Developing A Character

Developing a character in ways different to them actually speaking is very important, especially in short films. This is because there is less time to actually get an idea of the character. This can be done by: costume/what they’re wearing; their room or house; the characters body language; or even the way other people talk about them.

The way Wes Anderson introduces characters is either getting another character to explain them, or a voice over to describe them. However, he does also use subtle way to show character.


Not subtle:

Another Character:

In ‘The Grand Budapest Hotel’, the character M. Zero Mustafa is described by the writer who visits the hotel. Because the character is a writer, he describes Zero in a lot of detail as if it was an extract from his book. This is very cleaver because it’s as if the audience is reading the book and learning more about the character.



Using a narrator is a good way of showing a character in an unsubtle way because you get the back story of the character from someone not related to the story. It tells you more about them before the film and plot has really started, meaning you know the character fully before the important plot starts.




Wes Anderson in the film ‘The Royal Tenenbaums’ Richie’s character’s costume is used to show his character development. He is shown wearing nearly the same outfit and hair style from when he was young to when he is an adult. This gives the impression that he doesn’t change at all, and is living the ‘same life’ all that time. Also gives the impression of immaturity and living still in his childhood.  However, when he has a break down half way through the film, he cuts his hair and takes his normal clothes off. This shows a dramatic change in his life, showing he wants to change. By the end of the film, he is wearing completely different clothes and his appearance is completely different. He looks more smart and well presented, showing he wants to look after himself more and change his life.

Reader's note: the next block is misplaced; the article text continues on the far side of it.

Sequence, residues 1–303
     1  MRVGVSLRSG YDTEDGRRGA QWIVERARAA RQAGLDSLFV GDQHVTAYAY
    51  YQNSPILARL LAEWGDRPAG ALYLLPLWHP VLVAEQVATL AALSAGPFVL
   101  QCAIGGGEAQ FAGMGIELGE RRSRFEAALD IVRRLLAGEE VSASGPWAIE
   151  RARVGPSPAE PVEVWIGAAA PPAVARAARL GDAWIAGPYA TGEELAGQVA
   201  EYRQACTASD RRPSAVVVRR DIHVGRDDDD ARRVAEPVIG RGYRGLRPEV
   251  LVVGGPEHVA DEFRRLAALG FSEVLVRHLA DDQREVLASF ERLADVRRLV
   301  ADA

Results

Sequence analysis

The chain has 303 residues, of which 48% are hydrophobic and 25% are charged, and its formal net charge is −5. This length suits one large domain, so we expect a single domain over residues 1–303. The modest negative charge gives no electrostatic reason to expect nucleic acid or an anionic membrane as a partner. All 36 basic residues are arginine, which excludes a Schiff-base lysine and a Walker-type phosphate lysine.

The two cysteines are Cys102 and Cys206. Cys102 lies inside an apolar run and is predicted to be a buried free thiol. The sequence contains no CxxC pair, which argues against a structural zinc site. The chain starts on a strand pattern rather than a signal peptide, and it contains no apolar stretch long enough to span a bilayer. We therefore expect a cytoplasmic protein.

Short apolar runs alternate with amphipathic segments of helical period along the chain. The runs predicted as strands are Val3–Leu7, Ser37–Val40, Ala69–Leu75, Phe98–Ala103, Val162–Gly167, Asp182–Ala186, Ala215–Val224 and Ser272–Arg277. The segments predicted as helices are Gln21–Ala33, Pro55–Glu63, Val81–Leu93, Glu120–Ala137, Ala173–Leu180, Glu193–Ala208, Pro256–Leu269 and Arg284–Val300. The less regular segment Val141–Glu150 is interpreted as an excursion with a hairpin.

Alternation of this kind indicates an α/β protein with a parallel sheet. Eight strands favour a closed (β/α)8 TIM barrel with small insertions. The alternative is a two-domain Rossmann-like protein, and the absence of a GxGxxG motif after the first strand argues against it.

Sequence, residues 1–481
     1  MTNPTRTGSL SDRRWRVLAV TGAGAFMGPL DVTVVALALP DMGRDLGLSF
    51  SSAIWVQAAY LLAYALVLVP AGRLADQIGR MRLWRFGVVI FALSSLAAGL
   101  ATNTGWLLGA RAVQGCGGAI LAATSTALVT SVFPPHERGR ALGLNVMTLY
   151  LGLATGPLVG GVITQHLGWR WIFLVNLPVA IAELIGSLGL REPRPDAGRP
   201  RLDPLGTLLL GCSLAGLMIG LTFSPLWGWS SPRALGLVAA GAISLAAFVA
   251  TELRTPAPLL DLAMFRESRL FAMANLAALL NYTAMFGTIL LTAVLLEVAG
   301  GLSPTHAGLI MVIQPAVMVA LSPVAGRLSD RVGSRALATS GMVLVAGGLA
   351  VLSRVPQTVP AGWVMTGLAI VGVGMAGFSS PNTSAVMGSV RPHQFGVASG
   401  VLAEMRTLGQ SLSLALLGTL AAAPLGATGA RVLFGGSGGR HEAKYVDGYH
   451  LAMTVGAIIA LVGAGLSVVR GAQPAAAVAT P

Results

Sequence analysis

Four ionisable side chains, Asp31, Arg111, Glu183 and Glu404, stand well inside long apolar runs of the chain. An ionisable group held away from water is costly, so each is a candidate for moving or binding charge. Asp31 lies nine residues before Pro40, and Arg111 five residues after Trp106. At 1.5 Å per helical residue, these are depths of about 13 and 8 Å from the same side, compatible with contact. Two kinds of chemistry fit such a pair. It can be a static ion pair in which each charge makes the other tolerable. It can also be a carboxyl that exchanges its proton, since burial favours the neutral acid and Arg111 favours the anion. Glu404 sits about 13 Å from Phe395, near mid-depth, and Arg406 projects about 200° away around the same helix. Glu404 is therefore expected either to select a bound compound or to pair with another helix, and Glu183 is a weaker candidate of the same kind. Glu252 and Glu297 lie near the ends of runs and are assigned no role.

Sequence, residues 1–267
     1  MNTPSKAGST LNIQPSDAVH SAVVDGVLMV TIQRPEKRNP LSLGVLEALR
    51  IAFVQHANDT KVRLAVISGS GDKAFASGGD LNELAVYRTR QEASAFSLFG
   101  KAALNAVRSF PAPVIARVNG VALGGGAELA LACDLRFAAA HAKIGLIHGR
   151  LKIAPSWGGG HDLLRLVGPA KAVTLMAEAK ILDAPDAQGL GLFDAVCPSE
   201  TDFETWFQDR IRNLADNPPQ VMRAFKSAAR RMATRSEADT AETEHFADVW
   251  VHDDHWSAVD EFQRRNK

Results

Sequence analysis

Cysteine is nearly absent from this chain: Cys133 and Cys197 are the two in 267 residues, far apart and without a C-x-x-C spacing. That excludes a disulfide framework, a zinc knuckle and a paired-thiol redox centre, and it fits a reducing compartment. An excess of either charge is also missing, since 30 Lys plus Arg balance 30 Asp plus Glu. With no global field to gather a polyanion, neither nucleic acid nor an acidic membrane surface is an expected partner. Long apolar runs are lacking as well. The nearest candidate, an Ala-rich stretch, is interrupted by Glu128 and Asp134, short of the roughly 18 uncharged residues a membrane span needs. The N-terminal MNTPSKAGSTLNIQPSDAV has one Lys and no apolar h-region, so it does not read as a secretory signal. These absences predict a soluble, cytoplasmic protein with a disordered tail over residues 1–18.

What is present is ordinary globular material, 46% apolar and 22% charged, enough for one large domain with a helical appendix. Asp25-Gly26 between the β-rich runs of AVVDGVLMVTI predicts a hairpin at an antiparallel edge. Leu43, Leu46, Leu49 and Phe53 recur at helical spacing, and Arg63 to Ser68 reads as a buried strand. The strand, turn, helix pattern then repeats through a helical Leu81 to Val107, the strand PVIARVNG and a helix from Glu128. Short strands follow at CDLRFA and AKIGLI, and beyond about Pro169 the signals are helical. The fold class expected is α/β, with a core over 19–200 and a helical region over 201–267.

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Other films/ways I like:

Visual intro in Little Miss Sunshine:

With this introduction, the character doing something that represents their character. I think this is a really effective way of showing a characters personality. Its also effective because it tells the audience about the character before they start interacting with each other or the plot starts properly. It makes the audience know the characters as individuals instead of part of a bigger plot.



I think I’m going to use subtle techniques to show my characters because I only have a short period of time to show the characters. I can do this by costume, the girls room and body language.



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One Response to Developing A Character

  1. kendalcollegefilm says:

    Good research here, Izzy, showing a strong engagement with Anderson and his ideas. You’ve drawn compelling conclusions from your analysis, nicely backed up with choice screenshots and clips. I’d like to see your final paragraph fleshed out a little, perhaps with some some more constructive speculation about what specific form the subtle techniques will take, but this is me fussing over a good piece of research.


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